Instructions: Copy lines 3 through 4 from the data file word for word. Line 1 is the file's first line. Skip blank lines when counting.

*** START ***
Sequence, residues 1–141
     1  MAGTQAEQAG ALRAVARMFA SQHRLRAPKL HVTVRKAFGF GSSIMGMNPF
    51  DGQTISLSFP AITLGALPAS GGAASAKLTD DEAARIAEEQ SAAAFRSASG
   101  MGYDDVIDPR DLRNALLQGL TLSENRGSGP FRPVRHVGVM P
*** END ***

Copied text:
    51  DGQTISLSFP AITLGALPAS GGAASAKLTD DEAARIAEEQ SAAAFRSASG
   101  MGYDDVIDPR DLRNALLQGL TLSENRGSGP FRPVRHVGVM P